For three days our group retreated to the island of Neuwerk, in the middle of the Wadden Sea National Park in the German Bight, one of our main research areas. We had fruitful discussions and were able to explore the Wadden Sea on foot.
We welcome Nadine Gerlach as new PhD student in our group.
Participation in the POMPU research project
The Hehemann Lab is taking part in the POMPU research project together with our partners at the Ernst-Moritz-Arndt-Universität in Greifswald, the Max Planck Institute for Marine Microbiology in Bremen and the Alfred-Wegener-Institute for Polar and Marine Research in Helgoland. The DFG research unit FOR 2406 (Proteogenomics Of Marine Polysaccharide Utilization (POMPU)) is working on mechanisms of bacterial polysaccharide utilization during marine phytoplankton blooms. Our task is the functional analysis of glycan-binding proteins and glycan transporters (Subproject A3). Link
NSERC Postdoctoral Fellowships awarded
Congratulations to Melissa Cid Robb and Craig Robb for both receiving Postdoctoral Fellowships of the Natural Sciences and Engineering Research Council of Canada (NSERC)!
Plasmids deposited at the Addgene plasmid repository
February 2017: In our recent study (Link) we described two enzymes that are used for the fast, stereo and sequence specific analysis of laminarin in marine organic matter. The respective plasmid are now available at the Addgene plasmid repository. FaGH17A is a highly specific endo-β-1,3-glucanase hydrolyzing the β-1,3 glucose backbone of laminarin (Link), whereas FbGH30 is an exo-β-1,6-glucanase that removes the β-1,6-glucose side chains (Link).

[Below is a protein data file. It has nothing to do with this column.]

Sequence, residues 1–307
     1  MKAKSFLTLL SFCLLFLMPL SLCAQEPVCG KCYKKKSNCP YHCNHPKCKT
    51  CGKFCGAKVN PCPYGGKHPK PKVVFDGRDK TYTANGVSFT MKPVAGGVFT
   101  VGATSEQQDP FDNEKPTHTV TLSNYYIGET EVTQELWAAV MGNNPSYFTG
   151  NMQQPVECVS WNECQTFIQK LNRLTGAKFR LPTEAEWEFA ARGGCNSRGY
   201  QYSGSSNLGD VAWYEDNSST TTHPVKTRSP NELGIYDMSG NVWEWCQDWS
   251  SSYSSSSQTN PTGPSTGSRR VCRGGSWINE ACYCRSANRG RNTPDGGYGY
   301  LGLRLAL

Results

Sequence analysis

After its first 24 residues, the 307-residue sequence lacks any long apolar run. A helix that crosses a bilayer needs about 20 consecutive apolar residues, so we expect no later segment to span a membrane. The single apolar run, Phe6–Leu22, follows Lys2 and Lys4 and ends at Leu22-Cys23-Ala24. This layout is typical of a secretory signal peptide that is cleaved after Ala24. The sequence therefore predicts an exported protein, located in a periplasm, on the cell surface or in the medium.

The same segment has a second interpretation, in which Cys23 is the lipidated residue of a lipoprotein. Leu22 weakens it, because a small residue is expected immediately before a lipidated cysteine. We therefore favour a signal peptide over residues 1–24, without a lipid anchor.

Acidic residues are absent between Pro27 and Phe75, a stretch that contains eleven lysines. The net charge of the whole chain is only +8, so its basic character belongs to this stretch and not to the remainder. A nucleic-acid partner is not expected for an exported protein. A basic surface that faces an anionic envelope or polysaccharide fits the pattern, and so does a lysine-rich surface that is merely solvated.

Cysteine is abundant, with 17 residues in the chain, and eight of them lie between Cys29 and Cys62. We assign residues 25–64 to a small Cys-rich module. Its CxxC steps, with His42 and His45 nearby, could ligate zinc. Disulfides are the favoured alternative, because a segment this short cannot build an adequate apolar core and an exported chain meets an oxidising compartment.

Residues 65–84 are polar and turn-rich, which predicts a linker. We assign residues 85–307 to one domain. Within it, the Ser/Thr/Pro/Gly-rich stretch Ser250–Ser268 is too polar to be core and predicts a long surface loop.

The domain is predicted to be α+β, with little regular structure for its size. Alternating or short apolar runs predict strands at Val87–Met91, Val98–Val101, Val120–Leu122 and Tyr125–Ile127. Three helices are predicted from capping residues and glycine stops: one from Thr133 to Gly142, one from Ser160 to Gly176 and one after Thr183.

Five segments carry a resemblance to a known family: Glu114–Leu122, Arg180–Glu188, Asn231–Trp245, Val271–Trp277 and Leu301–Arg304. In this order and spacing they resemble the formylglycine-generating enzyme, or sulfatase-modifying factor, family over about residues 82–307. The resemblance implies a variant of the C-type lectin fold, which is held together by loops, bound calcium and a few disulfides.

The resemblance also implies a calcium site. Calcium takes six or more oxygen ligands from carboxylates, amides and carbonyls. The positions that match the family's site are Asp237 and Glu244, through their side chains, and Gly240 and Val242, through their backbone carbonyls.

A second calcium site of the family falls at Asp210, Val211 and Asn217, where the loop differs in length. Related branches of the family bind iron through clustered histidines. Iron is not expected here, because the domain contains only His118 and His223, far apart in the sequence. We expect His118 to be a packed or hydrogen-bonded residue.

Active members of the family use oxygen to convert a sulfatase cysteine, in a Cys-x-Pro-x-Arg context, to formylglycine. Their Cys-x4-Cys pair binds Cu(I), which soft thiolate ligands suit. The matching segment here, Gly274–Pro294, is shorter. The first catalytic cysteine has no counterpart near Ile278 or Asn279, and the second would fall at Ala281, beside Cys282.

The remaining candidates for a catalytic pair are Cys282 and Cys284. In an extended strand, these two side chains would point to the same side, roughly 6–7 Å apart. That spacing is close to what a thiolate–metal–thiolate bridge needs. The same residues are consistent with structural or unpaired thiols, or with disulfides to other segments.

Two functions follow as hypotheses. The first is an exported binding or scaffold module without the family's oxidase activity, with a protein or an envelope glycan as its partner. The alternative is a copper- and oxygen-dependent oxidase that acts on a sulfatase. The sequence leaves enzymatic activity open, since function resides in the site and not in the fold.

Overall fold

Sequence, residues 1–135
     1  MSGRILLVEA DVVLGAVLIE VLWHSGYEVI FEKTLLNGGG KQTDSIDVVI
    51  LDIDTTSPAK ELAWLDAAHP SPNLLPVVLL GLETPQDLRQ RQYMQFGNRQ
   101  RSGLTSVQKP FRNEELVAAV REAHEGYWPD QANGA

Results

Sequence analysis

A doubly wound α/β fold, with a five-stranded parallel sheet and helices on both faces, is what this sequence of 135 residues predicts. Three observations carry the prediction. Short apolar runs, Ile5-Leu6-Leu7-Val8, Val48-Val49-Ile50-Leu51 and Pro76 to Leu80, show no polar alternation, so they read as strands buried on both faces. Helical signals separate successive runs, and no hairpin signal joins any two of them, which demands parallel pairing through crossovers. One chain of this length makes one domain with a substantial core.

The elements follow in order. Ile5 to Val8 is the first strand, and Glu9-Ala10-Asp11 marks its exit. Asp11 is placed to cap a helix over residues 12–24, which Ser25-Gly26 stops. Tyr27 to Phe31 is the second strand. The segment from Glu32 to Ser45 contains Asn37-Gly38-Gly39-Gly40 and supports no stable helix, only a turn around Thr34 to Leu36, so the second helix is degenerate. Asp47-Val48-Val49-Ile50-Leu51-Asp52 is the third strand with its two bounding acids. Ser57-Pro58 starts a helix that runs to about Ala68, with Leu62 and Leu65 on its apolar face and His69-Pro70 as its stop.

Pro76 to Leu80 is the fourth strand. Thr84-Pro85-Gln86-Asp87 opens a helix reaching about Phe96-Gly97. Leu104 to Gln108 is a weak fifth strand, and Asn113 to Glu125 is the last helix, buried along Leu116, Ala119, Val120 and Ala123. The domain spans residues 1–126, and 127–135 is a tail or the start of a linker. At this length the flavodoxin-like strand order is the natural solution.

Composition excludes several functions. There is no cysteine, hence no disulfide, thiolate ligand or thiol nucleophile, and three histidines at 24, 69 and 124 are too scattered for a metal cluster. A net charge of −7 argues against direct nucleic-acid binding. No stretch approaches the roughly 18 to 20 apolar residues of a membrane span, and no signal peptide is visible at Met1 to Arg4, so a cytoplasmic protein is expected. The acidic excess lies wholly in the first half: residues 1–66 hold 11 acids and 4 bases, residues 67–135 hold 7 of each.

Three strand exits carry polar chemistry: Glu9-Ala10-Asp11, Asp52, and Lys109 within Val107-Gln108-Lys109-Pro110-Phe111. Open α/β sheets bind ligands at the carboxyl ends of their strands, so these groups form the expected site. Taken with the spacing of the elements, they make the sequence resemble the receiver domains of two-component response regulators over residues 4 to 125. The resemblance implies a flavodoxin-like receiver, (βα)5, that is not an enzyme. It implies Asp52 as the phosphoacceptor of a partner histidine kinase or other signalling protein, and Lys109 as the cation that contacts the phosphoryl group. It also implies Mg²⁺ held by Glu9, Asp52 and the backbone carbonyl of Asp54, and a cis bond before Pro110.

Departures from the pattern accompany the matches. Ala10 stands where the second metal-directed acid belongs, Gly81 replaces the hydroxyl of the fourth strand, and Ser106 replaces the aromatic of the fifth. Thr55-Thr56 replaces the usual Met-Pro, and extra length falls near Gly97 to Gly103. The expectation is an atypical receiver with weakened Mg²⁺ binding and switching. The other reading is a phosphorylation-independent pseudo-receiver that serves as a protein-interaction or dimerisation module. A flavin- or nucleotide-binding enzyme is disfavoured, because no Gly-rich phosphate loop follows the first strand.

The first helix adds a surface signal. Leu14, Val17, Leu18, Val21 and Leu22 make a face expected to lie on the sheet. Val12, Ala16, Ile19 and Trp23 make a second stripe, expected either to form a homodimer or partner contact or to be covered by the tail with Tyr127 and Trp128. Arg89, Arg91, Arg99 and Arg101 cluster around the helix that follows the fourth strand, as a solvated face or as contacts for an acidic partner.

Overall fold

Publication in Applied and Environmental Microbiology
February 2017: Marine algae produce varieties of glycans, which fulfill diverse biological functions and fuel the carbon and energy demand of heterotrophic microbes. However, the common approach to analyze marine organic matter using acid to hydrolyze its glycans into measurable monosaccharides does not distinguish between glycans in natural samples. Stefan Becker and colleagues developed a method to selectively digest and thereby quantify laminarin in particulate organic matter by using carbohydrate active enzymes from marine Flavobacteria. The results demonstrate the potential of enzymes as toolkits for faster, stereo and sequence specific analysis of select glycans in marine organic matter. (https://doi.org/10.1128/AEM.03389-16)